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Project overview

We are engineering gut bacteria to treat IBD. We have created a system to accurately determine and control the balance of immune cells in the gut. Our device detects the proportion of populations of Th17 cells and Treg cells and produces specific amounts of an immune suppressor to prevent an autoimmune and an immunodeficient state.

The device will detect NO (representative of Th17 population) and respond by producing a relevant amount of IL-10. IL-10 promotes Treg population growth and inhibits Th17 population growth. NO will be detected by a SoxR/pSoxS system. To prevent the population of Treg cells becoming too large, and creating an immunodeficient state, we have created a mechanism to detect and respond to Treg population growth. Adenosine is representative of Treg cell populations.

We are adding a cytoplasmic-excluded hydrolase to the outside of the cell to break down adenosine to adenine. Adenine will activate a riboswitch which will allow an sRNA to be transcribed, binding to IL-10 mRNA preventing IL-10 from being translated and so acting as an off switch.

Autoimmune diseases

Autoimmune disease are a range of disorders that result from attack of self-tissues by a dysregulated immune system. Examples are multiple sclerosis, Crohn's disease and type I diabetes. There are significant global inequalities in the treatment and prevalence of autoimmune disorders. 80% of diagnoses of autoimmune epilepsy are in the developing world. This is caused by the production of antibodies against proteins in the brain such as GABA receptors. However, it should be noted that prevalence of autoimmune diseases is greater in Europe and the USA. This is explained by the hygiene hypothesis which suggests that a lack of exposure to microorganisms, both pathogenic and symbiotic, prevents normal development of the immune system.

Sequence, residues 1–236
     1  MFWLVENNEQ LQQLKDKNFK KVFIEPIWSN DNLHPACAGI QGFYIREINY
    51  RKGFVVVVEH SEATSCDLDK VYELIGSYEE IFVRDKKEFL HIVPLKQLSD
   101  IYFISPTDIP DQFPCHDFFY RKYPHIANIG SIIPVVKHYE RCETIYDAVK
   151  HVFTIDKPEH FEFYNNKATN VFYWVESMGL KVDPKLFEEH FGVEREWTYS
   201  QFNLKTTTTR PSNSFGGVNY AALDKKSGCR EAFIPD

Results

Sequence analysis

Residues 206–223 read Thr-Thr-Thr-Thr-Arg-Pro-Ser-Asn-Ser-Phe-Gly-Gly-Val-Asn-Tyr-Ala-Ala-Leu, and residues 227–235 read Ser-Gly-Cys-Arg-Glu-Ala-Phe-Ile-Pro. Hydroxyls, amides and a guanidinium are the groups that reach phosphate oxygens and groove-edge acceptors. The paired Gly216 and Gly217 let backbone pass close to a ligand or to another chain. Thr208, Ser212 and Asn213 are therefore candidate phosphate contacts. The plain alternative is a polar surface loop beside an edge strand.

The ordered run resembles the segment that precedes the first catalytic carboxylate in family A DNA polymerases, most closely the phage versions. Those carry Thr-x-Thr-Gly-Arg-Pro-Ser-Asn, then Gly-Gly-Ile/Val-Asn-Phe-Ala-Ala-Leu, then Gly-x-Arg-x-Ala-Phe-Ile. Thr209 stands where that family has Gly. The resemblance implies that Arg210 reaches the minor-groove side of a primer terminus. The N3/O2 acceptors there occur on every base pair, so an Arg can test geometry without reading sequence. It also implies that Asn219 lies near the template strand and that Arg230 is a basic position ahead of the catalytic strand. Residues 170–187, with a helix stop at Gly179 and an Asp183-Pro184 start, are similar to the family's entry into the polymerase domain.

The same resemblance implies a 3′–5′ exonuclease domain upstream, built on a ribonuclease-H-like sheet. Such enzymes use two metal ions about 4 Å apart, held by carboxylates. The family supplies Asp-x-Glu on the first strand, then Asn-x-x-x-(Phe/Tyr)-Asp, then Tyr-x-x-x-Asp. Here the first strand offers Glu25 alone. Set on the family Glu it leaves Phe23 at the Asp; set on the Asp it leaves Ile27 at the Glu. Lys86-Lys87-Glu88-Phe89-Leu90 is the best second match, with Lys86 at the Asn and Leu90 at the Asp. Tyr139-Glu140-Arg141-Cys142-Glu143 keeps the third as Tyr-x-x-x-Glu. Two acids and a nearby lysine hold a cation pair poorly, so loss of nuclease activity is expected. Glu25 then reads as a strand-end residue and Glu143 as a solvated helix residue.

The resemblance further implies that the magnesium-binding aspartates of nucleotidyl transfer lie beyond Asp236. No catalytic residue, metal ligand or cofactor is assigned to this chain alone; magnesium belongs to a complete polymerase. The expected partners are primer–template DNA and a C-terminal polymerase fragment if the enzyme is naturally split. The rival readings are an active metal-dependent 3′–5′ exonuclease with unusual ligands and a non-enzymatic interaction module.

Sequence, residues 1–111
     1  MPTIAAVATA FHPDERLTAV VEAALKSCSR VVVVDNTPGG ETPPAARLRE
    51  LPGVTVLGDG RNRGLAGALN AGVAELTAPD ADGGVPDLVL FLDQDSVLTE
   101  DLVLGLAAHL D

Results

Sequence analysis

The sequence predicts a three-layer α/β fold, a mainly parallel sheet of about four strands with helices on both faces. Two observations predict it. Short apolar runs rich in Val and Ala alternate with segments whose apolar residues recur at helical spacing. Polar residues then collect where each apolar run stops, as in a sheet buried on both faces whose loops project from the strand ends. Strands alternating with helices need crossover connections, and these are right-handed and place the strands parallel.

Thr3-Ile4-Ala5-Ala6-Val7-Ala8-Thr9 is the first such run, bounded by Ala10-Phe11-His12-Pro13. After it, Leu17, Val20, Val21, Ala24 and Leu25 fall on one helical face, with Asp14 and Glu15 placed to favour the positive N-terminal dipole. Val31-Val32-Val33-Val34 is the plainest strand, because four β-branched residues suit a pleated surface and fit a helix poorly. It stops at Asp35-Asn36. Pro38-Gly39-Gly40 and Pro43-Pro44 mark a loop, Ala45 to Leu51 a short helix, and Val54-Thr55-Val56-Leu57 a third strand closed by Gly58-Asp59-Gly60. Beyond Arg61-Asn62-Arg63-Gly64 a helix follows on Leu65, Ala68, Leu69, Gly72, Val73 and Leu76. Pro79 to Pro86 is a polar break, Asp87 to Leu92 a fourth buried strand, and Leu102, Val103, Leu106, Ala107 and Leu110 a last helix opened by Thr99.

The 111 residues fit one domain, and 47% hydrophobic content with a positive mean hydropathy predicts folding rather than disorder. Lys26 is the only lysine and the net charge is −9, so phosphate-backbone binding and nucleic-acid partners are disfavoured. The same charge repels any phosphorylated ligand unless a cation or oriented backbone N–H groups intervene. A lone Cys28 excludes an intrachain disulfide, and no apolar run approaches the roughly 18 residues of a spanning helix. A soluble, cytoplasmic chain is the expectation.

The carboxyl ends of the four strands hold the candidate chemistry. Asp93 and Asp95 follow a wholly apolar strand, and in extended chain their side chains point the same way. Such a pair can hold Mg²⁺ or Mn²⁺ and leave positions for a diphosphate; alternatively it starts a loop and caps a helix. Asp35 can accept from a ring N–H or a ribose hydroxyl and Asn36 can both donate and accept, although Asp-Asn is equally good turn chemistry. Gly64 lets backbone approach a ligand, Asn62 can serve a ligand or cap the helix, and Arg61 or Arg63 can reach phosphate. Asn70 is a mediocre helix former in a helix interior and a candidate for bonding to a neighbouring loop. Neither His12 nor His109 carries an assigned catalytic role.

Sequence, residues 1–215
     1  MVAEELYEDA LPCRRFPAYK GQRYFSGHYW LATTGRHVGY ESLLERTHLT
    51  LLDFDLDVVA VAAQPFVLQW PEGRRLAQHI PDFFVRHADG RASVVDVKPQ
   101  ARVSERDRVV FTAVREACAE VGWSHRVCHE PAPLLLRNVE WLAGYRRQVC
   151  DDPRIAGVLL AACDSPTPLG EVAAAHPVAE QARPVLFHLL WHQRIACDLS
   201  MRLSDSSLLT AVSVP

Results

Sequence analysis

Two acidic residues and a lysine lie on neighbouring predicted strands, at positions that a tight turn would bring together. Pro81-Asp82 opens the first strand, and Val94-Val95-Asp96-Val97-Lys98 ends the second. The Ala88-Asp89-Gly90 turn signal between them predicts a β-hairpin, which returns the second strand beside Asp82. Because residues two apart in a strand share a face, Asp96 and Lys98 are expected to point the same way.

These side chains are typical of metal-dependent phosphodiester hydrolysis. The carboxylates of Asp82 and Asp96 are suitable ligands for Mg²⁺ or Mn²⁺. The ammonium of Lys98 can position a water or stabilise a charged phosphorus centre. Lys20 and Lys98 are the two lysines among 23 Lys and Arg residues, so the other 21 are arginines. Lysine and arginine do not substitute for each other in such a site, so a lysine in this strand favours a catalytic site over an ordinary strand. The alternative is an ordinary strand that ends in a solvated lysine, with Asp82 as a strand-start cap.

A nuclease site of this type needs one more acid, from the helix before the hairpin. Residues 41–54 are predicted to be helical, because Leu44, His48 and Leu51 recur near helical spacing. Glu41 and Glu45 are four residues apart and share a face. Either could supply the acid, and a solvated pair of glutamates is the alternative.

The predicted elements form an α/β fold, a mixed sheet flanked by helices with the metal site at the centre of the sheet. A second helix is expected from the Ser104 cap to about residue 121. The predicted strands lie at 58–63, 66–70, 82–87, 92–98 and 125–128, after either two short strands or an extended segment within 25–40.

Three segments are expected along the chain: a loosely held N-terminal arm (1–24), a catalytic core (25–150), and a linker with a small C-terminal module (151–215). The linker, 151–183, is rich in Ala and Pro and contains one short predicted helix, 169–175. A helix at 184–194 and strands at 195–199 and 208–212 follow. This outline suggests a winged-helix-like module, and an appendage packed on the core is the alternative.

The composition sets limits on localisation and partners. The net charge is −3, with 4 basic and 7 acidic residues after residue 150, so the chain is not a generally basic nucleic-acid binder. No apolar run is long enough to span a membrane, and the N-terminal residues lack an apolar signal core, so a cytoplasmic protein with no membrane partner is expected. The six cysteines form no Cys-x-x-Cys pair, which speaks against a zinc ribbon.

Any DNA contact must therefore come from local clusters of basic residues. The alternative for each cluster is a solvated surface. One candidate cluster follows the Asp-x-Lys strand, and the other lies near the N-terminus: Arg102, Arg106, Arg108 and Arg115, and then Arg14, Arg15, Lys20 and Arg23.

T helper (Th) cells produce immune responses and T regulatory (Treg) cells control the populations of Th cells. When Treg cell populations are low they are unable to stop excessive growth of helper cell populations. Th cells will produce superfluous inflammatory molecules that spread. This is the cellular basis of autoimmune disease.

We have focused on autoimmune diseases in developing countries where bacteria, such as segmented filamentous bacteria (SFB) are prevalent and typically found within water sources. SFB are gram positive bacteria that are tightly bound to the lining of the gut epithelia and have recently been implicated in modifying host immune responses by promoting the development of lymphocytes and the growth of Th17 populations. An additional effect of the signals required for Th17 differentiation is the inhibition of the production of Treg cells. Once fully differentiated, Th17 cells produce interleukin 17a (IL-17a) a proinflammatory cytokine. Elevated levels of IL-17a are associated with MS and the development of epilepsy and other autoimmune diseases.